Megan Suzanne Lynch
Analyst on Congress and the Legislative Process
The budget reconciliation process is an optional procedure under the Congressional Budget Act of 1974 that operates as an adjunct to the annual budget resolution process. The chief purpose of the reconciliation process is to enhance Congress’s ability to change current law in order to bring revenue and spending levels into conformity with the policies of the budget resolution. Accordingly, reconciliation probably is the most potent budget enforcement tool available to Congress for a large portion of the budget.
Reconciliation is a two-stage process in which reconciliation instructions are included in the budget resolution, directing the appropriate committees to develop legislation achieving the desired budgetary outcomes, and the resultant legislation (usually incorporated into an omnibus bill) is considered under expedited procedures in the House and Senate.
Reconciliation was first used by the House and Senate in calendar year 1980 for FY1981. As an optional procedure, it has not been used every year. During the period from 1980 to the present, 19 reconciliation measures were enacted into law and three were vetoed.
Under a revised timetable in effect since FY1987, the annual budget resolution is scheduled for final adoption by the House and Senate by April 15. The current timetable prescribes June 15 as the deadline for completing action on any required reconciliation legislation, but there is no explicit requirement to that effect.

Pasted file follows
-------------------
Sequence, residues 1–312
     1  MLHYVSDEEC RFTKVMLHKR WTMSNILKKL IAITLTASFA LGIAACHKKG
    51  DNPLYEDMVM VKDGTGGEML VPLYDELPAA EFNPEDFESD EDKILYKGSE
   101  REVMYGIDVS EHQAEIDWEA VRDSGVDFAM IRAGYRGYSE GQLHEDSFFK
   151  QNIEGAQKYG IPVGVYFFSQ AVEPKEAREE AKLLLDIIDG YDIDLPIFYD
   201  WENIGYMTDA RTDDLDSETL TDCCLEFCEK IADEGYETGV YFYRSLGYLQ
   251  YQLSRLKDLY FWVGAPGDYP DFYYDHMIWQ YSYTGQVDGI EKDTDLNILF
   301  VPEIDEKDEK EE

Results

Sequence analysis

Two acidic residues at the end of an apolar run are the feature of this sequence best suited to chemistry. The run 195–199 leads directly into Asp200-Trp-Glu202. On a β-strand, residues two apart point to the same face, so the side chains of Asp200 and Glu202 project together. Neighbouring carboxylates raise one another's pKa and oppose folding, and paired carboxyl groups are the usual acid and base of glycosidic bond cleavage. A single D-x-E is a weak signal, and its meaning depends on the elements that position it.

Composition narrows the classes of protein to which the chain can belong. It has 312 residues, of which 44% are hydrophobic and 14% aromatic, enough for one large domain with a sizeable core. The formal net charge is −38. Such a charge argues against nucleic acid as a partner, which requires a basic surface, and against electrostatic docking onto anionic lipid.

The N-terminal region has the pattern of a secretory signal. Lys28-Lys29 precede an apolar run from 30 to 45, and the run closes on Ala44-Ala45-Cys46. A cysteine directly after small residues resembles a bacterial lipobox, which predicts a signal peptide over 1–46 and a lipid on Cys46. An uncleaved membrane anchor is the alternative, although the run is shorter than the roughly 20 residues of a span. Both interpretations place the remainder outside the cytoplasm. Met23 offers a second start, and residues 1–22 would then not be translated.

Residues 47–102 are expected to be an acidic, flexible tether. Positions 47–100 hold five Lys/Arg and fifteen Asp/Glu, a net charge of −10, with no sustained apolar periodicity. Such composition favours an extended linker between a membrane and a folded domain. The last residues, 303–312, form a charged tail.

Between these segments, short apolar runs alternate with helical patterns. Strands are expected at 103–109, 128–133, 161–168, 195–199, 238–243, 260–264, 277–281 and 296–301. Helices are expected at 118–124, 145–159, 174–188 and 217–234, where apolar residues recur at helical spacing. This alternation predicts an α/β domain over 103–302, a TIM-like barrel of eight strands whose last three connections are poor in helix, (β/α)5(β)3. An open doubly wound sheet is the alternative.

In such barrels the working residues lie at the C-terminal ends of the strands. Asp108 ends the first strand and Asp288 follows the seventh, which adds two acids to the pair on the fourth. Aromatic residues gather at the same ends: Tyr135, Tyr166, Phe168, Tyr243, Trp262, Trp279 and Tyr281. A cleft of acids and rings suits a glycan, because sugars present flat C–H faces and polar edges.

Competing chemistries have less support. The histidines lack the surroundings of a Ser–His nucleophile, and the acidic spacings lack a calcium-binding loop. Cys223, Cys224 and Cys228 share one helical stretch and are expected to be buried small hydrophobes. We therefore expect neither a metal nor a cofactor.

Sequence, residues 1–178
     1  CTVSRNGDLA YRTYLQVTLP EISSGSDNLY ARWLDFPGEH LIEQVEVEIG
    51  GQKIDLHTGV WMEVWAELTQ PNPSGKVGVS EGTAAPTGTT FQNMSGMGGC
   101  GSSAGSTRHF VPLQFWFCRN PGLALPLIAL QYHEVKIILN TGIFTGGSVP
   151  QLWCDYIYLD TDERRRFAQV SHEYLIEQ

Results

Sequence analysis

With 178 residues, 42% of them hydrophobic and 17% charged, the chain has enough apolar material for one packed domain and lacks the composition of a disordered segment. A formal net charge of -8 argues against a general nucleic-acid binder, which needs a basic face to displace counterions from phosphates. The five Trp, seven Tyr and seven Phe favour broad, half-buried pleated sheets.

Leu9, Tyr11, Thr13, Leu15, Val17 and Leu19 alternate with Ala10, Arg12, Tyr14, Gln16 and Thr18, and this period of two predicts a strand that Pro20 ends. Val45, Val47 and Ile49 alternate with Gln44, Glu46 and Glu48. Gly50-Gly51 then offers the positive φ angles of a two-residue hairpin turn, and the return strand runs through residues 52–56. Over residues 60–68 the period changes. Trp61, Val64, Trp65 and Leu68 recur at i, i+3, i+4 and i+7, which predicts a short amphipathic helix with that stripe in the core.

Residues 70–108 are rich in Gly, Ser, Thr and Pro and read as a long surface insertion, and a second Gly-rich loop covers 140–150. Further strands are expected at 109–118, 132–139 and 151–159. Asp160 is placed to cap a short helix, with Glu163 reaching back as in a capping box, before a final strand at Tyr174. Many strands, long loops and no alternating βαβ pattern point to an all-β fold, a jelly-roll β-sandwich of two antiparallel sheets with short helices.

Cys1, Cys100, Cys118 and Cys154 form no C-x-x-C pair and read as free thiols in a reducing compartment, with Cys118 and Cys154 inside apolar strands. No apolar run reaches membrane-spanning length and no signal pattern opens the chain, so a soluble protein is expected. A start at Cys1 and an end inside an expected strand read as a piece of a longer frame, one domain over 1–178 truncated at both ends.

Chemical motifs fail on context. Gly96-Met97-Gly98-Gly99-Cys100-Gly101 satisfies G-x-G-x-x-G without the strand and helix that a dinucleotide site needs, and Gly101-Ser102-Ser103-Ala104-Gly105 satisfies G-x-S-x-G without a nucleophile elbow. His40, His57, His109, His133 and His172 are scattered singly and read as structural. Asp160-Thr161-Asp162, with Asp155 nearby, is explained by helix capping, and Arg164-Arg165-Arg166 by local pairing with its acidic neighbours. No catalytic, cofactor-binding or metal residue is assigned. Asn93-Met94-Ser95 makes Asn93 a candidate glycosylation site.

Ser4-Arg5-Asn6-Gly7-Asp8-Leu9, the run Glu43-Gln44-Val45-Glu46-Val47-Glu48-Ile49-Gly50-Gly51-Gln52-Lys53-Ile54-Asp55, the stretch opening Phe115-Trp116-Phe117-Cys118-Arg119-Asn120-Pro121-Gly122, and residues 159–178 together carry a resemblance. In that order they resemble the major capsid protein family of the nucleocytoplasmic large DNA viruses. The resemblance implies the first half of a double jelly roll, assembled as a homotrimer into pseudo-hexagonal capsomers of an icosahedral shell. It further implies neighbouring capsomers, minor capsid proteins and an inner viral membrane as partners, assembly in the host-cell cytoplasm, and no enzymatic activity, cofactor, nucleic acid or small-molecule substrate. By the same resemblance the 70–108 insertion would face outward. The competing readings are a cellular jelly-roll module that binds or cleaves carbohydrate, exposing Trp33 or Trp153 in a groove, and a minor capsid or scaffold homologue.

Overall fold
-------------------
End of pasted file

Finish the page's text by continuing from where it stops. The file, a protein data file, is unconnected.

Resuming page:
The record of experience with reconciliation legislation over the period covering 1980 to the present indicates considerable variation in the time needed to process such measures, from the date the reconciliation instructions take effect (upon final adoption of the budget resolution) until the resultant reconciliation legislation is approved or vetoed by the President. The interval for the 22 reconciliation measures ranged from a low of 27 days (for the Omnibus Budget Reconciliation Act of 1990) to a high of 384 days (for the Tax Increase Prevention and Reconciliation Act of 2005). On average, completing the process took about five months (150 days), well beyond the two months contemplated by the timetable in the 1974 Congressional Budget Act.
With regard to the use of reconciliation by congressional session, action on 11 such measures was completed during the first session, and on 12 such measures during the second session. Congress and the President have shown the ability to initiate the reconciliation process and conclude it reasonably early in the same session; in the case of eight bills (for seven different years), reconciliation measures were enacted or vetoed before the end of August. On the other hand, the reconciliation process can be lengthy and drawn out; in four instances, reconciliation measures were not enacted or vetoed until December, and in five other instances, carried over to the following year.
Date of Report: June 7, 2011
Number of Pages: 17
Order Number: RL30458
Follow us on TWITTER at http://www.twitter.com/alertsPHP or #CRSreports
Document available via e-mail as a pdf file or in paper form.
To order, e-mail Penny Hill Press or call us at 301-253-0881. Provide a Visa, MasterCard, American Express, or Discover card number, expiration date, and name on the card. Indicate whether you want e-mail or postal delivery. Phone orders are preferred and receive priority processing.